US Energy Information Administration (EIA)’s Short-Term Energy Outlook (STEO) forecasts that China’s net oil imports will exceed those of the US by October 2013 on a monthly basis and by 2014 on an annual basis, making China the largest importer of oil in the world.
The imminent emergence of China as the world’s largest net oil importer has been driven by steady growth in Chinese demand, increased oil production in the United States, and a flat level of demand for oil in the US market, says the Administration.
US total annual oil production is expected to rise by 28% between 2011 and 2014 to nearly 13 million barrels per day, primarily from shale oil, tight oil, and Gulf of Mexico deepwater plays. In the meantime, Chinese production increases at a much lower rate (6% over this period) and is forecast to be just a third of US production in 2014.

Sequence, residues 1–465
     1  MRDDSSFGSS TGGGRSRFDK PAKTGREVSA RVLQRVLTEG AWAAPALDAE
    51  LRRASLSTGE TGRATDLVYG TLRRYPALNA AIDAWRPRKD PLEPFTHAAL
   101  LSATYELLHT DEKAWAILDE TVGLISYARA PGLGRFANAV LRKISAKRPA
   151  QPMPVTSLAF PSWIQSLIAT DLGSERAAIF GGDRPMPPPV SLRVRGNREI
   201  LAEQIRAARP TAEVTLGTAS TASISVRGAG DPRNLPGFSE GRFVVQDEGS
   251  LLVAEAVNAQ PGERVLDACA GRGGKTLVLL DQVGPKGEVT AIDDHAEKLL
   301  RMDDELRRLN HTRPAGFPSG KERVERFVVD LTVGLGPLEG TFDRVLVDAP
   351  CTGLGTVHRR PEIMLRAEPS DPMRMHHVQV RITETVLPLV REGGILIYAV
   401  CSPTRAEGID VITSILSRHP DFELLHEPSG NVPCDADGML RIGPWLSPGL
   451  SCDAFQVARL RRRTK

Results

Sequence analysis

On the demand side, China’s liquid fuels use is expected to grow by 13% between 2011 and 2014 to more than 11 million barrels per day while US demand hovers close to 18.7 million barrels per day, well below the peak US consumption level of 20.8 million barrels per day in 2005.
Looking beyond 2014, EIA notes that higher US oil production and stagnant or declining US oil consumption, coupled with China’s projected strong oil demand growth and slow oil production growth, suggest that once China replaces the US as the world’s largest net oil importer, the gap between net oil imports in China and the US will grow.